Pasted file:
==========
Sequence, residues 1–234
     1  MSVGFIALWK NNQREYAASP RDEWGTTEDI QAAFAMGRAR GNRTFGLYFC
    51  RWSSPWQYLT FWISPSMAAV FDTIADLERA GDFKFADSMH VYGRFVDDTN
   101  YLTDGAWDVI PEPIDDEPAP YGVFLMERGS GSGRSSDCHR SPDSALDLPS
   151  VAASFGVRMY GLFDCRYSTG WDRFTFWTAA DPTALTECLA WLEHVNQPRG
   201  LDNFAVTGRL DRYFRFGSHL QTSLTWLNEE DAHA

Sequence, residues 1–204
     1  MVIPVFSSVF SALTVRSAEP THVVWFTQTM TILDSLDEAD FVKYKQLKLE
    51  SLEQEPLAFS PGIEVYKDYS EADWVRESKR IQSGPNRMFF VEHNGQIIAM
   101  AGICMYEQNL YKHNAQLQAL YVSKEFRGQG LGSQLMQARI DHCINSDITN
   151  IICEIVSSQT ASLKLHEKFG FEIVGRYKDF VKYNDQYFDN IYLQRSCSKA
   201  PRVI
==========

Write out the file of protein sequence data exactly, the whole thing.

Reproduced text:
Sequence, residues 1–234
     1  MSVGFIALWK NNQREYAASP RDEWGTTEDI QAAFAMGRAR GNRTFGLYFC
    51  RWSSPWQYLT FWISPSMAAV FDTIADLERA GDFKFADSMH VYGRFVDDTN
   101  YLTDGAWDVI PEPIDDEPAP YGVFLMERGS GSGRSSDCHR SPDSALDLPS
   151  VAASFGVRMY GLFDCRYSTG WDRFTFWTAA DPTALTECLA WLEHVNQPRG
   201  LDNFAVTGRL DRYFRFGSHL QTSLTWLNEE DAHA

Sequence, residues 1–204
     1  MVIPVFSSVF SALTVRSAEP THVVWFTQTM TILDSLDEAD FVKYKQLKLE
    51  SLEQEPLAFS PGIEVYKDYS EADWVRESKR IQSGPNRMFF VEHNGQIIAM
   101  AGICMYEQNL YKHNAQLQAL YVSKEFRGQG LGSQLMQARI DHCINSDITN
   151  IICEIVSSQT ASLKLHEKFG FEIVGRYKDF VKYNDQYFDN IYLQRSCSKA
   201  PRVI